(Style)

The 7 Biggest Fashion Fears Stylists Are Seeing Now (And How To Fix Them)

The experts weigh in.

By Kendall Becker
Darrel Hunter
Darrel Hunter street style

Look, fashion can be confusing and, honestly, pretty hard to keep up with at times; are skinny jeans in or out? Ballet flats are cool again? It’s frustrating to navigate the sentiment of staying “on trend” ––and avoiding Gen-Z virally deeming what you once thought was cool as “cheugy” (read basic, overdone, outdated) on TikTok — while equally abiding by your own personal style. It’s no wonder that this creates a recipe for fashion fears.

With social calendars nearly back in full swing, these fashion nuances that once faded throughout a year in sweats have now returned – and it’s certainly cause for confusion. In reaction to lifestyle shifts, many dress codes have become more casual while the urge to dress up has certainly reignited (Fendi and Bottega to the bodega? Of course.). With many women reentering the dating scene, heading back into the office, or simply reconnecting with friends and family, showing up as your best self is a goal that’s likely top-of-mind.

But, let’s not forget that fashion is supposed to be fun! It’s a cliché, but it’s also true. With fashion rules being rewritten, now’s the time to bring out that dress you never had the opportunity to wear, take a risk on a new trend, and support unique, local brands, and boutiques who need a little extra love after the last year.

This is, undoubtedly, easier said than done, so it’s time to call upon the experts to guide you through this transition: professional stylists. From celebrity stylists in Los Angeles to personal stylists dressing the powerhouse women of New York, they’ve heard it all – and they’re offering up their need-to-know advice on showing up as your best and most confident self this year. Ahead, discover the most common questions and fashion fears from their celebrity and everyday clients just like you. Plus, their secrets on how exactly to combat them for guaranteed style success.

Doing Too Much

Jacqueline Zenere, stylist to trendsetters like Olivia Palermo and Ashley Benson says, “Is it too much?” is her most heard fear. “While it isn’t necessarily a complaint, I hear it about every fitting. After a quarantine [without] hard pants, we are all feeling weird about getting dressed up. My clients right now are most concerned with dressing accordingly during these trying times,” Zenere tells TZR.

As dress codes shift, this is the perfect time to rewrite the fashion rules. If you’re concerned about missing the mark, don’t be afraid to clarify with the host or check the location on Instagram for what others have worn recently; but, most importantly, wear an outfit you’ll feel confident in. As Zenere tells her client, “I always reinforce the idea that fashion can be uplifting and an extra source of beauty in the world right now. After all, many of the women I work with have an ethos as actresses that aim to beguile and entertain!”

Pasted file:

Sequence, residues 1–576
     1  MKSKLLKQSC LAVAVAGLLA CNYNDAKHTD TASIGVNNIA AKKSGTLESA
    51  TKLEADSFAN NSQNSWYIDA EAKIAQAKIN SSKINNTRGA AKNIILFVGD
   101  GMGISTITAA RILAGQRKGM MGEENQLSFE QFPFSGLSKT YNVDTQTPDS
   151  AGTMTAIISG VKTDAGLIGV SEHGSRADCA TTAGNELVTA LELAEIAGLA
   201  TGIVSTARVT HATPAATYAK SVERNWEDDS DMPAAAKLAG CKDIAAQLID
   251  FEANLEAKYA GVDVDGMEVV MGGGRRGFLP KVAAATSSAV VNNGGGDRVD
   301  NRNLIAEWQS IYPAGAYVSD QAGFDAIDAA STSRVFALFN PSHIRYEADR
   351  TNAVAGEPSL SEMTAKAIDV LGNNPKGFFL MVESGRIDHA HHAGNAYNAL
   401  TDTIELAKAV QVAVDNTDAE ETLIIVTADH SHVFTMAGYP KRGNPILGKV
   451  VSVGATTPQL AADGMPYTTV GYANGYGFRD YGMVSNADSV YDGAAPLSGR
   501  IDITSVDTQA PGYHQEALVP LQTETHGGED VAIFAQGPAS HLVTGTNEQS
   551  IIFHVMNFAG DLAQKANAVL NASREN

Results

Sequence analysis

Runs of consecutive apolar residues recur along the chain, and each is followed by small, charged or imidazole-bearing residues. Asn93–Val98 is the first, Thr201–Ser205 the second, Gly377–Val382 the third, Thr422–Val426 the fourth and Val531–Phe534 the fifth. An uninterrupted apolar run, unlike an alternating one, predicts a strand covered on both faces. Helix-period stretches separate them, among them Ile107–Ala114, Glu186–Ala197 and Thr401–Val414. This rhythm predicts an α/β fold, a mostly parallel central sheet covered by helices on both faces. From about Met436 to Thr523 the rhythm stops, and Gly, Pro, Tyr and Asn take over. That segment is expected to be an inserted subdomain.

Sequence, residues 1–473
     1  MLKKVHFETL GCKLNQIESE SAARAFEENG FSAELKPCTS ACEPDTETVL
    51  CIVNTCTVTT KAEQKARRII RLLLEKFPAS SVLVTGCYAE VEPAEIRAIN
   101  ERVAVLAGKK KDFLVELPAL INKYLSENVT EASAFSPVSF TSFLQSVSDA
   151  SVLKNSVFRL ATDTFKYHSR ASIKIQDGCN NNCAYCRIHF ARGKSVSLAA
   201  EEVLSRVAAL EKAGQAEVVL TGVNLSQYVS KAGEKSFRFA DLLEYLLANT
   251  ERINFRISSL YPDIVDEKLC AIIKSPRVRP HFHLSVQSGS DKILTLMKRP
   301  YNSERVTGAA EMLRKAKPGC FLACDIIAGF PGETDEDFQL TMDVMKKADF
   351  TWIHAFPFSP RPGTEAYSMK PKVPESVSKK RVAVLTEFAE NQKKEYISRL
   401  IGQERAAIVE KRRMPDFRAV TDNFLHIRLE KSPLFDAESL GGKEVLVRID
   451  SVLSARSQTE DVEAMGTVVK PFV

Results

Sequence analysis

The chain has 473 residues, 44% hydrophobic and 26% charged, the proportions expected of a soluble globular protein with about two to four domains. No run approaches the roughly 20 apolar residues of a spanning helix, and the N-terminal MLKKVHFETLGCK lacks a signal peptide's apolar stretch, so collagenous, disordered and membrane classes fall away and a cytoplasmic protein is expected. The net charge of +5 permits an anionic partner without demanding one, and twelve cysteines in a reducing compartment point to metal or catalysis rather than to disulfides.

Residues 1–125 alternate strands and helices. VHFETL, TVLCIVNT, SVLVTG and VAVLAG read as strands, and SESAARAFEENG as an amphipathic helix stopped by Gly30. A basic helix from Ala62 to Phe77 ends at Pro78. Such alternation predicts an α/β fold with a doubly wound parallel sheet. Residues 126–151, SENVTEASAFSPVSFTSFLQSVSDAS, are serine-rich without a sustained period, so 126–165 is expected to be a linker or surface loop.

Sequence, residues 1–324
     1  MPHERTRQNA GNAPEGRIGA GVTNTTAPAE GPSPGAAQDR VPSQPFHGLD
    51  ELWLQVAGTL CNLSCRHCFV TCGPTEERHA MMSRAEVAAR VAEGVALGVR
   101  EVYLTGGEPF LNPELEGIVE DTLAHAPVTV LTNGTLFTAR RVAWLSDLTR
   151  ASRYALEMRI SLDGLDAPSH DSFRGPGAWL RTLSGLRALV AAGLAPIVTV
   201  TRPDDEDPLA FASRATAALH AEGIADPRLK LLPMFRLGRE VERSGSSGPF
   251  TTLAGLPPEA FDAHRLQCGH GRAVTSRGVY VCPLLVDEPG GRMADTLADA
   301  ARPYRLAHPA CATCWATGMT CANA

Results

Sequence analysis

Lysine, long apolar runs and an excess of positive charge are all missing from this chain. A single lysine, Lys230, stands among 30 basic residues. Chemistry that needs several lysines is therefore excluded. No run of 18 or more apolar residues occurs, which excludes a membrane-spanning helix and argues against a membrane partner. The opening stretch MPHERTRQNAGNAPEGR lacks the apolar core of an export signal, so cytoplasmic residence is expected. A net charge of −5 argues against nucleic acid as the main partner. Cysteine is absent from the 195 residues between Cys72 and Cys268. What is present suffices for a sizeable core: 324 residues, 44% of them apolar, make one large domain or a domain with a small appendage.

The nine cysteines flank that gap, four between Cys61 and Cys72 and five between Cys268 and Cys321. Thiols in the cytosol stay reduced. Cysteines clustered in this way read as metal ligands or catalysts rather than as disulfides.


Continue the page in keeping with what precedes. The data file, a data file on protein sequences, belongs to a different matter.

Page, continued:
Going No Bra

Tyler Minor, a Nashville-based stylist working with some of the coolest names in country music, understands the struggle of women on the go, whether they’re performing on stage or headed from desk to drinks, and that undergarment options don’t always suffice. “Women want the comfort of not wearing a bra but, unfortunately, support is needed for women who have larger busts,” he explains. “Sometimes, garments aren't very bra-friendly either. For example, a plunging neckline or a deep V.”

After a long (and welcomed) year of foregoing bras, re-figuring out how to make tricky tops work and finding a comfortable support solution may not be obvious. “My go-to solution is body tape,” Minor tells TZR. If you’re not familiar, body tape is an ultra-discreet solution used to help secure the edges of a garment and can be used to help create shape and provide extra support. Try it for yourself with one of Minor’s suggestions: “My favorite tape to keep in my kit is SKIMS body tape. It comes in a wide range of shades but it sells out FAST! I also really like Nue Breast Tape from Revolve. This product, too, comes in a wide range of shades, but the width of the tape is a little thinner,” he says.

Keeping Style Original

Allison Berlin, whose resumé includes stints at Bloomingdale’s and What Not to Wear as well as high-profile personal styling clients in New York, says that her clients frequently struggle with discovering how they can cultivate a unique personal style to ensure they don’t look like everyone else.

Her suggestion? Start by avoiding stores where you already know everyone else will be picking out pieces, too. “Fast fashion is not unique and far from sustainable; shop more locally and from smaller designers,” she says. While this can be an ideal solution if it’s within your means, you can achieve the same result by shopping vintage or thrifting one-of-a-kind pieces, whether they’re from Goodwill or Depop. If it is an investment, be deliberate — make sure it’s a piece you really love and see in your wardrobe rotation for years to come, and the price tag won’t seem so scary after all.